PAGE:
The fact that the 3D-ready Vivante GC400Ts GPU is optional is probably why Freescale’s presentation slides (shown above) position the SoloX between the SoloLite, which has a lower-quality Vivante GPU, and the Solo in terms of overall i.MX6 hierarchy. It’s unclear how the Vivante GC400Ts stacks up with the Vivante GC880 available on the Solo.

Efus A9x COM

Today, F&S Elektronik Systeme announced an Efus A9X computer-on-module that integrates the SoloX. The COM uses an MXM-based “Efus” form-factor. It runs Yocto Linux, and Android is said to be in the works. It also runs Windows WEC, which Freescale does not mention in its SoloX announcement.

The i.MX6 SoloX offers security features such as advanced secure boot and protected data storage. It also incorporates cryptographic cipher engines and a configurable resource domain controller that allows peripherals to be locked or shared by the CPU cores. A secure messaging semaphore unit works with the domain controller to enable cooperative, multi-OS software to safely access shared peripherals, says Freescale. This might be particularly useful in automotive applications.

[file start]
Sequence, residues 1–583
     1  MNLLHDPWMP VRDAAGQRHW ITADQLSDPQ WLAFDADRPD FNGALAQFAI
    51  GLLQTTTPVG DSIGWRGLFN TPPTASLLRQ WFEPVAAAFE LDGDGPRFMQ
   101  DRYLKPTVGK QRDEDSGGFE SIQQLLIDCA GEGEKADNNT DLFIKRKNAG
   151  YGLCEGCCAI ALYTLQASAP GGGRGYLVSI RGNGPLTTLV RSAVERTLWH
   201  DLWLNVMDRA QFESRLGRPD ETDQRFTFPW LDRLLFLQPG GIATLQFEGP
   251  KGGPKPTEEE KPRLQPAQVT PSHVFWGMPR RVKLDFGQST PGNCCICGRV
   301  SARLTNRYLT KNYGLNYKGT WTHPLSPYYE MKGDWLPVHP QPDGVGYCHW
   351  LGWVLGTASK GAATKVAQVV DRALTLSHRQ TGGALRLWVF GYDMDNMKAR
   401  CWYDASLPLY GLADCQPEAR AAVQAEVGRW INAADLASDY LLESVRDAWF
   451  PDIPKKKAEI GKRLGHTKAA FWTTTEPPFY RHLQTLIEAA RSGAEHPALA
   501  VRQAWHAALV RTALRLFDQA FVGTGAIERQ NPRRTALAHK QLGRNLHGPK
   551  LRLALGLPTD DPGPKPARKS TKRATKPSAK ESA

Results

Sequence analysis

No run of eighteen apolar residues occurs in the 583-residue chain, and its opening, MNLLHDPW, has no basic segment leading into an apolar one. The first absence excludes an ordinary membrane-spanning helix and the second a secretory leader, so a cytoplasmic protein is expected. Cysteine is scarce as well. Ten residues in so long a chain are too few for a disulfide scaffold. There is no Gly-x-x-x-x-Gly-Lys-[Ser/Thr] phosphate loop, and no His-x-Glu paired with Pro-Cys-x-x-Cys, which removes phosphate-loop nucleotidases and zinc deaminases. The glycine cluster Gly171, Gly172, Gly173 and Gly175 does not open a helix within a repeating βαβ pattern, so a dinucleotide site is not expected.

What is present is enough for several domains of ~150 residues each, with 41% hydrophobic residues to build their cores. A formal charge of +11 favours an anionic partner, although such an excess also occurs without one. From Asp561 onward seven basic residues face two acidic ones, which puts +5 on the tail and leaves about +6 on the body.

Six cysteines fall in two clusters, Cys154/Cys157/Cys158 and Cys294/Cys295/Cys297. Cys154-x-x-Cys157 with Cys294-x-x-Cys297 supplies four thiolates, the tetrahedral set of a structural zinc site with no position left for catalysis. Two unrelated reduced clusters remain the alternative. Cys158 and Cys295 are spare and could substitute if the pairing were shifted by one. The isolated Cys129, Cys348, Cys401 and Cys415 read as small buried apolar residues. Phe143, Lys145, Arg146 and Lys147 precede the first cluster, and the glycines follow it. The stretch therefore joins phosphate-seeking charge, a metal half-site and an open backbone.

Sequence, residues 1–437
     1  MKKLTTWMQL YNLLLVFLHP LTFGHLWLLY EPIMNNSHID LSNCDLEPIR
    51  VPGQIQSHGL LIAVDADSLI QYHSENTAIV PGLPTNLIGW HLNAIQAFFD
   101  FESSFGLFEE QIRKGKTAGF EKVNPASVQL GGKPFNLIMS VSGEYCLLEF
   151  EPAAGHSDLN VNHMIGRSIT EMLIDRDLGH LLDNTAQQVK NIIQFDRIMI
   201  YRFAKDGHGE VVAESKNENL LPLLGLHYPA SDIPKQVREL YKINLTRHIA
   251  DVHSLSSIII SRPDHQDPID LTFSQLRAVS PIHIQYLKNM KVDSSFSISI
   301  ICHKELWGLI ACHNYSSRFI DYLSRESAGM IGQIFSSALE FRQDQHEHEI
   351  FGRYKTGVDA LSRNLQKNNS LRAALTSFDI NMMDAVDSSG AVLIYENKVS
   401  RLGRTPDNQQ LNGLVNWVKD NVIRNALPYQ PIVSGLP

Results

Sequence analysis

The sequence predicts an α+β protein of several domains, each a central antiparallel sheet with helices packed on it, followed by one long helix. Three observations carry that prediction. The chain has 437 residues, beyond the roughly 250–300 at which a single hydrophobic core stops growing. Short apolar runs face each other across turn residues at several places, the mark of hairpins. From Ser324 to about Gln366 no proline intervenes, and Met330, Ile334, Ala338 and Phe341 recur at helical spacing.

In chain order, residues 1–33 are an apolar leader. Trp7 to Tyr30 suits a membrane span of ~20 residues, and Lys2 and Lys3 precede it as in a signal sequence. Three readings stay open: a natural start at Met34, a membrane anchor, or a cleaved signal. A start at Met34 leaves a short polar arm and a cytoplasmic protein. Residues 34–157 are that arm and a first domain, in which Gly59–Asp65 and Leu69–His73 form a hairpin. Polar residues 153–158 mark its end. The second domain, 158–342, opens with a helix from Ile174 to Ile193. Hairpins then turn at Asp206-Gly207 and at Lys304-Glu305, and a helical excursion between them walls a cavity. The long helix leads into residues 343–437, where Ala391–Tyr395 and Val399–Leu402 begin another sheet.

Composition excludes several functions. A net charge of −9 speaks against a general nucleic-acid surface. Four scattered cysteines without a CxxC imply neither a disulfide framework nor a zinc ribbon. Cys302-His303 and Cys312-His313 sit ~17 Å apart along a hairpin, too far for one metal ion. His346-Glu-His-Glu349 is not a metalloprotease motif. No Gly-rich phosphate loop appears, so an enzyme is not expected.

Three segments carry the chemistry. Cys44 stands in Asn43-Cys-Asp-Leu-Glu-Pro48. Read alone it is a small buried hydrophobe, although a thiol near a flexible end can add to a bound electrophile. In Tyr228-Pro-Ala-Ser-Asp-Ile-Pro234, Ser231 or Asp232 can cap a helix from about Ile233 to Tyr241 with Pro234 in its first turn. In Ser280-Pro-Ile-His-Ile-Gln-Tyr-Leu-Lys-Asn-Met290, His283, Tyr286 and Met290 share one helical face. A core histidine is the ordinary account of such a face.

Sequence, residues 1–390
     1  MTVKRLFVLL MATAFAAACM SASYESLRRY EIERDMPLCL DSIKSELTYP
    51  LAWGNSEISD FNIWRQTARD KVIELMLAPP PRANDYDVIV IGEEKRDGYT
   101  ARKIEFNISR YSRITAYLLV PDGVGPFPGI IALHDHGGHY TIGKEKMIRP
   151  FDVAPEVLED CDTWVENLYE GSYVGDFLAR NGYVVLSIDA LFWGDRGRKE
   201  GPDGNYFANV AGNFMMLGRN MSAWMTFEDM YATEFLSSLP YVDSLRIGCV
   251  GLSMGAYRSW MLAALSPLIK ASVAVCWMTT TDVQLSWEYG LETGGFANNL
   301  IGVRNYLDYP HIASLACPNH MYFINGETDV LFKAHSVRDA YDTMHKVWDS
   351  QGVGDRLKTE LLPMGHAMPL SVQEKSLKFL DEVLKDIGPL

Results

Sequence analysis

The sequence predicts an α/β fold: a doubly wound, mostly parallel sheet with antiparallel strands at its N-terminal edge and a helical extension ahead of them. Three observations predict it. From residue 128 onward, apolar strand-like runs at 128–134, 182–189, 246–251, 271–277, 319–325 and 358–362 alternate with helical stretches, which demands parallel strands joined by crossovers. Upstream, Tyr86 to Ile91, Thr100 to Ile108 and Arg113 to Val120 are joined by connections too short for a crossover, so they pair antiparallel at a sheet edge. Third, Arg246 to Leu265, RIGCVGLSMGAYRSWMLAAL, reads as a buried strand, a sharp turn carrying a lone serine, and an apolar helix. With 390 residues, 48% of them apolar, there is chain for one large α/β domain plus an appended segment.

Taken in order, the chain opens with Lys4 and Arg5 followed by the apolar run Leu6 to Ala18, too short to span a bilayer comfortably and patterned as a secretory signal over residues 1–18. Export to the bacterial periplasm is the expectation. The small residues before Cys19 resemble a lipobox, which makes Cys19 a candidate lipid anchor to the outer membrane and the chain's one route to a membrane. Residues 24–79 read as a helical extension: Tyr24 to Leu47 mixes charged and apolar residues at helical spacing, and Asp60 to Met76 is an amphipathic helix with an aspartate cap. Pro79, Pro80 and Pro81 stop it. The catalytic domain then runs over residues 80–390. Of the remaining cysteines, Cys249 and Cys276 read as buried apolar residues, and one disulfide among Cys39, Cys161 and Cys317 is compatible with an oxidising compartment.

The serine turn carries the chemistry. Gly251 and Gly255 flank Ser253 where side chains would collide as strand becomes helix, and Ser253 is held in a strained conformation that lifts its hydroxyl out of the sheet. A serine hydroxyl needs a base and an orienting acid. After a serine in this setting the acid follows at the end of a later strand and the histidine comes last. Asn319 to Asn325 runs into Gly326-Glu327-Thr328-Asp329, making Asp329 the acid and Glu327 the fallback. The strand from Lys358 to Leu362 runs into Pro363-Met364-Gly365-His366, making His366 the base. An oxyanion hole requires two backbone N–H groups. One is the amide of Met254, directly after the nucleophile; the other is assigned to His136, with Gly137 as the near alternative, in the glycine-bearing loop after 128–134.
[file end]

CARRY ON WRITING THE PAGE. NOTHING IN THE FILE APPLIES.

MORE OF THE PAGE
The SoC’s discrete CPU core power domains enable independent power state control and low current draw with fast wakeup times from sleep modes, says Freescale. The “system-aware” architecture can completely shut down the Cortex-A9 core, even while the Cortex-M4 performs low-level system monitoring tasks, thereby improving power efficiency, says the company. The SoC can be enhanced with Freescale’s i.MX6-optimized PF0200 power management IC, which is said to offer “extended light load efficiency.”

Other key features of the i.MX6 SoloX include:

  • 1GHz Cortex-A9 with 512KB L2, 32KB instruction and data caches, NEON SIMD
  • 200MHz Cortex-M4 with 16KB instruction and data caches, 64KB TCM, MPU and FPU
  • Optional Vivante GC400T with 3D/2D acceleration
  • 32-bit DDR3/LVDDR3/LPDDR2-800 memory interface from each core
  • Flexible boot options, including support for DDR QSPI and raw NAND
  • Configurable resource domain controller
  • Supports asymmetric multiprocessing (AMP)
  • Security features like TrustZone, ciphers, eFuses, RNG
  • Dual-port gigabit Ethernet audio video bridging (AVB) for quality-of-service with enhanced traffic shaping and packet prioritization